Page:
This application seeks support to investigate the neurodevelopmental origins and etiology of major depressive disorder. Specifically, we propose to test a """"""""fetal programming"""""""" model of depression in which adverse conditions during the fetal period-as indicated by exposure to maternal hypothalamic-pituitary- adrenal (HPA) hormones, elevated maternal pro-inflammatory cytokines;early social adversity;and genetic susceptibility, combine to contribute to a trajectory of elevated lifetime risk for major depression. This project also addresses the challenge of health disparities, which for depression are marked and persistent, and which remain an NIH priority area. We propose that the social origins of depression are, in part, neurodevelopmental in nature, and that understanding the developmental pathways to depression will not only yield significant insights into etiology, but will also advance the objective of reducing disparities.
The aims of this application are: 1) to investigate the combined influences of atypical fetal stress- response pathways and social adversity in relation to the lifetime risk of major depressive disorder;and 2) to investigate gene-environment interactions during the prenatal period in the development of depression. The following hypotheses will be tested. 1) The long-term impact of prenatal risks-as indicated by maternal pro- inflammatory cytokines and maternal HPA activity-for major depression will be heightened under adverse social conditions. Hypothesis 1a is that the combination of maternal-fetal stress, as indicated by elevated levels of inflammatory cytokines (IL-1, IL-6, and TNF-) during mid-gestation, and social adversity will be associated with an increased lifetime risk and recurrence of major depression. Hypothesis 1b is that levels of HPA hormones (increased CRH and decreased DHEAS and hCG) during mid-gestation will be associated with the lifetime risk and recurrence of major depression most strongly among individuals born in the context of social adversity 2) Social adversity during pregnancy and early infancy, in combination with genetic susceptibility to depression, with be associated with an elevated lifetime risk of depression. Hypothesis 2 is that polymorphisms in genes associated with HPA circuitry and in genes with prior replicated evidence of environmentally dependent effects on depression, will be associated with an increased risk of depression most strongly among children born in the context of social adversity. This application involves data from a 50-year investigation of a well-established birth cohort, the New England Family Study, which is uniquely capable of addressing the prenatal determinants of mental illness. The applicant is a social epidemiologist whose long-term career objectives are to discover the developmental pathways leading to major depression, and to identify modifiable pathways in order to reduce the public health burden of depression.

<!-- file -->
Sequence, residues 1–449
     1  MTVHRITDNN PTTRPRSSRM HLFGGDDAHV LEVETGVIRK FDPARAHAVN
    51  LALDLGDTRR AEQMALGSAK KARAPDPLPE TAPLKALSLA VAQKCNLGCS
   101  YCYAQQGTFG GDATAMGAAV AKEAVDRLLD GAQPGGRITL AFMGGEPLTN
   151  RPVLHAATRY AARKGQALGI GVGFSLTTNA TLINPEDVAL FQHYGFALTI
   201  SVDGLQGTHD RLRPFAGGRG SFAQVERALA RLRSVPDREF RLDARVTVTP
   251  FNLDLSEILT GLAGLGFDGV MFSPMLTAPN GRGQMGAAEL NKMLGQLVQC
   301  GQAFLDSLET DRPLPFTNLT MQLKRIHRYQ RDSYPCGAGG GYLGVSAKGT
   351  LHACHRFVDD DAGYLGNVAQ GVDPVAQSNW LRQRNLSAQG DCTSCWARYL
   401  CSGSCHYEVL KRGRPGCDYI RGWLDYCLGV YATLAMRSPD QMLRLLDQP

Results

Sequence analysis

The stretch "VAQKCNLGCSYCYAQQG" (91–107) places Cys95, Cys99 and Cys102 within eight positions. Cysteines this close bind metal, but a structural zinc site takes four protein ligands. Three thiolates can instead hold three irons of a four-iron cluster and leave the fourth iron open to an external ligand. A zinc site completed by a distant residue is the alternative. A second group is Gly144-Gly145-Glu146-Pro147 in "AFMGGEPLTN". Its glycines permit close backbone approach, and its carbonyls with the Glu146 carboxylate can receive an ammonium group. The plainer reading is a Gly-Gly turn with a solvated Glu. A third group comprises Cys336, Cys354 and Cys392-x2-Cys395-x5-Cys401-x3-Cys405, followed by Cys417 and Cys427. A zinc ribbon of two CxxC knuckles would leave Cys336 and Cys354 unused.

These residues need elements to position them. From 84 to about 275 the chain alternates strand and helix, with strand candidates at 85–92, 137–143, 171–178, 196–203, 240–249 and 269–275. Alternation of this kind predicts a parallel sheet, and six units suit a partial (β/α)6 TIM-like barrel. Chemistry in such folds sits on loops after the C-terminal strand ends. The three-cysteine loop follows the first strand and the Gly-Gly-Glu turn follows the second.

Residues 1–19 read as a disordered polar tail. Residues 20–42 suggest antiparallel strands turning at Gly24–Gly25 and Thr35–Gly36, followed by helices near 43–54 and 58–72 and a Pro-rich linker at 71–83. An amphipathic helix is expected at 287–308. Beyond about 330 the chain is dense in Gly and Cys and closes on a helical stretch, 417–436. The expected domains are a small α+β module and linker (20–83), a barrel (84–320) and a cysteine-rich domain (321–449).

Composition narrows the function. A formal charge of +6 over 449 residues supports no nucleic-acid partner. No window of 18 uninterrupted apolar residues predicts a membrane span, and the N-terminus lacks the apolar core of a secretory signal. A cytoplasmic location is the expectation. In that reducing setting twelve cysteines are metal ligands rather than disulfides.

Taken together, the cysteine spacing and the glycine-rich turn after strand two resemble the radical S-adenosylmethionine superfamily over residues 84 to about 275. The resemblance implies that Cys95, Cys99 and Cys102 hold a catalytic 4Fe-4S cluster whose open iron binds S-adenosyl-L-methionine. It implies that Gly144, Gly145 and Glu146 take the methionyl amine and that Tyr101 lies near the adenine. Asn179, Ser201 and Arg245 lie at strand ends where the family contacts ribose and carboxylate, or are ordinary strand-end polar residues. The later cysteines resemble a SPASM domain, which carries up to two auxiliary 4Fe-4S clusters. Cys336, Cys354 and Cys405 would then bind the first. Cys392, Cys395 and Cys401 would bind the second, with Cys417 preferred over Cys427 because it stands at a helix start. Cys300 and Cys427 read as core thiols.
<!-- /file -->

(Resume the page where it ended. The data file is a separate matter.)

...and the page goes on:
Public Health Relevance